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Starling: Excellence in Engineering

Michael Starling is the recipient of the 2005 Radio World Excellence in Engineering Award.

Michael Starling is the recipient of the 2005 Radio World Excellence in Engineering Award.

(click thumbnail)NPR President/CEO Kevin Klose and Starling celebrated another honor, NPR’s recent ‘Cool Stuff’ Award for innovation in multicasting, at the network’s headquarters.
Recipients represent the highest ideals of the U.S. radio broadcast engineering profession and reflect those ideals through contributions to the industry. The award was presented during the NAB Radio Show in Philadelphia, where he also received a PR-40 large-diameter studio cardioid microphone courtesy of Heil Sound Ltd.

Starling got his first job in radio because he was persistent – and because he happened to walk into a station that had fired its entire air staff the day before. The program director was pleased that this ambitious 17-year-old held a Third Class FCC permit with broadcast endorsement – this was 1969 – and hired Starling for a Sunday shift at WBMD(AM/FM) in Baltimore.

But ask him how he got into radio and he’ll look back to the inaugural episode of “Outer Limits” in 1963 – the story of a chief engineer and station manager siphoning power away from the transmitter to communicate with a being in the Andromeda Galaxy.

“It was probably 20 years later before I realized that really ignited my imagination and led me into shortwave listening in junior high school,” he told me. “I quickly became a ham operator and was instantly mesmerized by the magic of sending voices and music through the air. I went in that direction straight away.”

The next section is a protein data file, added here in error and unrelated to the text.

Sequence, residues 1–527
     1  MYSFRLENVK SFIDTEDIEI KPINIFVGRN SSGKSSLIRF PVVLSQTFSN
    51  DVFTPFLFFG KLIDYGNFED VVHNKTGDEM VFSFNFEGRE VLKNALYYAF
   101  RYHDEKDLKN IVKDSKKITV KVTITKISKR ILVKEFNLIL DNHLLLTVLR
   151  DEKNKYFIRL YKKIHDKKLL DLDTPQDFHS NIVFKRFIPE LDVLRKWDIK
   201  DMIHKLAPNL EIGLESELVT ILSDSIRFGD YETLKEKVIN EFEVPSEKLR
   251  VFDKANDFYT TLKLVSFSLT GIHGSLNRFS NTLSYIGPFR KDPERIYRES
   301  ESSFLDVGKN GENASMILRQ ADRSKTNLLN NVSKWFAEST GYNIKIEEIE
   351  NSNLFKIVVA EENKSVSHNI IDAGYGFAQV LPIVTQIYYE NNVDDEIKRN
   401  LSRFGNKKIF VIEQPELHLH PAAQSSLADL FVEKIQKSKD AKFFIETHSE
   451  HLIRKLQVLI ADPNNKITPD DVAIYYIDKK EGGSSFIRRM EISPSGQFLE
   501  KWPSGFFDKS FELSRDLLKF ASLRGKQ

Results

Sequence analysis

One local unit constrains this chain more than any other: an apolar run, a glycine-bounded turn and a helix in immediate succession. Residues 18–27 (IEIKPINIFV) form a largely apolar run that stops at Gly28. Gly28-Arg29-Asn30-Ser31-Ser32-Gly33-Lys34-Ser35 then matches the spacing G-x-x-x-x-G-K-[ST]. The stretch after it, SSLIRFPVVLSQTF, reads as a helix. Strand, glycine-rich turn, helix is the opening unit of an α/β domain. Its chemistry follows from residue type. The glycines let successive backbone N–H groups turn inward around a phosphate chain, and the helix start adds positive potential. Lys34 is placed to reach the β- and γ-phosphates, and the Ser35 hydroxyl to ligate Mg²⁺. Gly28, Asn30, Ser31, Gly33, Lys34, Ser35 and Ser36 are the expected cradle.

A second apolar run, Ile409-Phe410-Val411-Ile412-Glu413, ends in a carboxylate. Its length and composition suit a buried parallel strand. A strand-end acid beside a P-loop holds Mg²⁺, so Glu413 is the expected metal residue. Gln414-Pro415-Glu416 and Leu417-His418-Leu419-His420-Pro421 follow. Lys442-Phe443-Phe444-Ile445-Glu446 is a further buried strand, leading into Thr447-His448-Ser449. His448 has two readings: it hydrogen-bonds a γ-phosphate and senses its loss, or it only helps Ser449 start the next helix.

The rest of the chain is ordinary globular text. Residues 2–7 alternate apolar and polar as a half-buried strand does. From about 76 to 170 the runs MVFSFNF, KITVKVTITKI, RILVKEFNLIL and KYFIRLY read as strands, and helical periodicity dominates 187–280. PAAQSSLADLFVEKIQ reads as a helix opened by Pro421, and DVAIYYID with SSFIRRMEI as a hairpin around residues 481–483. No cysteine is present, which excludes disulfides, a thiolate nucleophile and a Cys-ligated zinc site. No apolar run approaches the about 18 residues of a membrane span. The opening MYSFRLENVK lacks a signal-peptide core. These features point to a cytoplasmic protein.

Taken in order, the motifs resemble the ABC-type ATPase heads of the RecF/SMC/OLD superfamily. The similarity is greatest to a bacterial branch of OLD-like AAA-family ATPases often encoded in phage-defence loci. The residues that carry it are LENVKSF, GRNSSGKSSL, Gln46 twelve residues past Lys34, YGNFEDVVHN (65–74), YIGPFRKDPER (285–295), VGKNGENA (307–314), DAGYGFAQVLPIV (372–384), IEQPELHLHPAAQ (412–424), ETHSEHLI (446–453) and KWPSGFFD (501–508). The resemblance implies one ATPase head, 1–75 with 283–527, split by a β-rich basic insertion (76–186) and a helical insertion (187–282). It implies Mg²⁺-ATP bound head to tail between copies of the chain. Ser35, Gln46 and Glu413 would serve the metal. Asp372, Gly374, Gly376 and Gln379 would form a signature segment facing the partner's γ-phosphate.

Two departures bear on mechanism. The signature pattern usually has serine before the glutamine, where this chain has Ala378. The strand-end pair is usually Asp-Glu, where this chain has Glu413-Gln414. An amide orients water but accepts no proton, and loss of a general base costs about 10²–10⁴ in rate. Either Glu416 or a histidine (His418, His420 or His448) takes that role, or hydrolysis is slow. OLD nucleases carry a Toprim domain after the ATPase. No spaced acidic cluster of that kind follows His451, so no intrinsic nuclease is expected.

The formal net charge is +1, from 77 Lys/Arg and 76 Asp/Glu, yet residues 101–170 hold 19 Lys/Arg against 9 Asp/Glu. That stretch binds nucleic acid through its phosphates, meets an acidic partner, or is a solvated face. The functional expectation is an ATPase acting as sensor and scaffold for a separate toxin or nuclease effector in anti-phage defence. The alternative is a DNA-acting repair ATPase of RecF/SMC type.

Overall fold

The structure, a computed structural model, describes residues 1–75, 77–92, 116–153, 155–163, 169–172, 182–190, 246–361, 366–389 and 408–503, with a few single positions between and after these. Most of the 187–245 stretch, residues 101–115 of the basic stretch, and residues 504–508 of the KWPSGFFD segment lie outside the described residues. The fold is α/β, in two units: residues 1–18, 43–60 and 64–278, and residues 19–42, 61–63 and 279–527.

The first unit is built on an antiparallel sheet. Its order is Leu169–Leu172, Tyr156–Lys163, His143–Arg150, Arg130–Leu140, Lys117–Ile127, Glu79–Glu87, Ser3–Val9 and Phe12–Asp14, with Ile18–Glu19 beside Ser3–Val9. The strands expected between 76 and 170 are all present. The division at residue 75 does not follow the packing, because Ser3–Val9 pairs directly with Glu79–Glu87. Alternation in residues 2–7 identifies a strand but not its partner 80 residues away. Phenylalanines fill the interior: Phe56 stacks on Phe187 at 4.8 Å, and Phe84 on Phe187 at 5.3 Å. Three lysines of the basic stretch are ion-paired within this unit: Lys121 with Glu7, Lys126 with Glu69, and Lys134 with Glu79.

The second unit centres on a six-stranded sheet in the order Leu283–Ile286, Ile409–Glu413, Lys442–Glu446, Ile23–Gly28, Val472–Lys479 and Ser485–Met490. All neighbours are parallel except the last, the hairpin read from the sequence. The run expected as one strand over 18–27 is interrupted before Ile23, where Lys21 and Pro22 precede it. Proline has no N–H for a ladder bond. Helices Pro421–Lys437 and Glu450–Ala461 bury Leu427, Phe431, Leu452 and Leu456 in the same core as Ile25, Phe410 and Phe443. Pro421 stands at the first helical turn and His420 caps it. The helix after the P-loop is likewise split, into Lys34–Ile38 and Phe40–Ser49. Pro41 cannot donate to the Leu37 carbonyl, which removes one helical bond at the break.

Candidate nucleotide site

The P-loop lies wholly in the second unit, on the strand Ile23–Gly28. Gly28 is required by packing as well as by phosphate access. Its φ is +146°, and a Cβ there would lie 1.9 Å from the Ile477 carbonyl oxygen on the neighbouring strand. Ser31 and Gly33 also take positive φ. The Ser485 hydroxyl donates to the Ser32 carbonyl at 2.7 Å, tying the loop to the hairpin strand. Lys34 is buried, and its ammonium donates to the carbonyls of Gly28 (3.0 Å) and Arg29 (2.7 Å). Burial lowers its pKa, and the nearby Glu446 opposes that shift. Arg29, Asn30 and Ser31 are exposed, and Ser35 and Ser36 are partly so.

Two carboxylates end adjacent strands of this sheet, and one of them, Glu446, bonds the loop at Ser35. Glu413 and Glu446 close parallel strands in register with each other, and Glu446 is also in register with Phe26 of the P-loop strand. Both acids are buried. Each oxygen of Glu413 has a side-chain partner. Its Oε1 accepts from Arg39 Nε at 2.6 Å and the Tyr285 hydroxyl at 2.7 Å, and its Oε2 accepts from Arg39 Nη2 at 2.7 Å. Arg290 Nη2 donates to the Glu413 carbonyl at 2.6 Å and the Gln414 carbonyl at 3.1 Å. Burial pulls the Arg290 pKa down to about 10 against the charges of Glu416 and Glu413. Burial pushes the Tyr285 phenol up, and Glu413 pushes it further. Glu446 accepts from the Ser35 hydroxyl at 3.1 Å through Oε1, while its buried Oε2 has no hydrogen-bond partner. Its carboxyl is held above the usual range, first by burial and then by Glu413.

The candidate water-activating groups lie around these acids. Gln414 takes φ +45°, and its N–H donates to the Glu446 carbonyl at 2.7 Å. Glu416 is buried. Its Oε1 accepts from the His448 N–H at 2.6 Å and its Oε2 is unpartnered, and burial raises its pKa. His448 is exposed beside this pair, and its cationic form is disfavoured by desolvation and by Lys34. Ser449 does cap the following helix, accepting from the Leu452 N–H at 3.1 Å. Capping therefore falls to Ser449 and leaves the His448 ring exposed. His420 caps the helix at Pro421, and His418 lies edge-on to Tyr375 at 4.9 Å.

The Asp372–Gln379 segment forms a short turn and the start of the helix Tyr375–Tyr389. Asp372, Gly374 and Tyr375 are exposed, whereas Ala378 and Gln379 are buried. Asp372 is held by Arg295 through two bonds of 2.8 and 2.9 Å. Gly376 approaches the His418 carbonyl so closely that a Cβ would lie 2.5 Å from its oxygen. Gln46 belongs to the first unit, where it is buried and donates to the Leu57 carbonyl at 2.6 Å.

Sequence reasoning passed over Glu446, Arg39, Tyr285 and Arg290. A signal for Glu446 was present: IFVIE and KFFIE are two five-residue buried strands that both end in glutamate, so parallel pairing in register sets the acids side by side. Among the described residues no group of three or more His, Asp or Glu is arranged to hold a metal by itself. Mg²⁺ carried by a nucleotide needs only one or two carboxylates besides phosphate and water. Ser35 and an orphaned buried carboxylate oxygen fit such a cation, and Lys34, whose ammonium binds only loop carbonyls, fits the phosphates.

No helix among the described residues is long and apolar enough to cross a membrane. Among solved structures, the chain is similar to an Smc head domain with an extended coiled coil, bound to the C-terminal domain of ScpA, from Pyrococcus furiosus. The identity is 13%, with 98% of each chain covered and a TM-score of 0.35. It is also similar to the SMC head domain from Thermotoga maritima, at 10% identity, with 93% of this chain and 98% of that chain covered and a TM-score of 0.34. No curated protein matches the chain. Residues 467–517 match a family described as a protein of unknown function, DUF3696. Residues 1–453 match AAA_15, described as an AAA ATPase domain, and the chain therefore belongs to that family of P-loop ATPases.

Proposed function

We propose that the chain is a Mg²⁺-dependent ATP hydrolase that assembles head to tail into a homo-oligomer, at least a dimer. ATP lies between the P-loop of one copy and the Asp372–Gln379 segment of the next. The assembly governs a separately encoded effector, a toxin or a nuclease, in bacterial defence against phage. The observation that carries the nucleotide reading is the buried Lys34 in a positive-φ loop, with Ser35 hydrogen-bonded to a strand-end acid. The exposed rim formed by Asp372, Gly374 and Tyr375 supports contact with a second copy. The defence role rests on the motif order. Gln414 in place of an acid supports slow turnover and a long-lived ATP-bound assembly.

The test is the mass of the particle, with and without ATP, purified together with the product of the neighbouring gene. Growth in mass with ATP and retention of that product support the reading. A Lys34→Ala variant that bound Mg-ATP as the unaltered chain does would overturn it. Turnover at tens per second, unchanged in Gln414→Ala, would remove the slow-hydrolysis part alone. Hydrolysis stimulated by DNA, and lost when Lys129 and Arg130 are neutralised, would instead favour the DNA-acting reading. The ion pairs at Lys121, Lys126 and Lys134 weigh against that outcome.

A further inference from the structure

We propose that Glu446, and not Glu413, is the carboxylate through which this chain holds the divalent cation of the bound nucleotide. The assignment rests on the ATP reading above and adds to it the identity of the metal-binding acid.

He became president of the high school amateur radio club, working 113 countries in the middle of the night. Meanwhile, a ham friend was studying for his First Class Radiotelephone, hoping to get a job at a nearby station, and urged Starling to get his Third Class so he could work as a DJ. Starling, apparently not shy even then, called all the stations in town and landed the job at WBMD.

New job

Thirty-six years later, Starling, age 53, is among the top engineers in radio broadcasting.

As chief technology officer and vice president of engineering and operations for National Public Radio, he has been responsible in recent years for strategic technology, operations, audio engineering and engineering technology, overseeing a staff of more than 100, a $12 million annual operating budget and $2 million in annual capital projects. He has been principal architect of numerous NPR regulatory positions before the FCC.

He has a new title now; days after he received this award, NPR announced Starling’s promotion to chief technical officer and executive director for NPR Labs. That means he is “the primary visionary on technical policies at NPR on behalf of the member stations – helping chart a course for the future of public radio.”

But his impact goes beyond that. In fact you’d be pressed to name an engineer who has had more impact on radio, as an individual, than Starling in the past year.

He played a key role in the exploration of multicasting, one of the most important technology developments in U.S. radio right now. The Tomorrow Radio Project, of which he was architect, led directly to the exploration – by commercial and public stations alike – of airing multiple program channels in existing spectrum using digital radio technology.

Starling recently established NPR Labs, an advanced technology research and development center, at a time when the industry desperately needs more technical R&D. Readers will recall his Guest Commentary here (March 30) on the need for such a center.

He also launched an NPR certification mark for digital radio receivers; and he’s a leader in creating national “best operating practices” recommendations.

This is an engineer who tends to look further ahead than most. He also consistently has acted in the best interests not only of his employers but of the industry.

Many threads

His past accomplishments aren’t shabby either.

At age 24 he launched a radio station in Virginia, WKYY(AM). He got the idea while working as a copyboy for Broadcasting magazine. Opening the mail one day, he saw a flyer from an engineering consulting firm, Educational FM Associates, run by Ed Perry.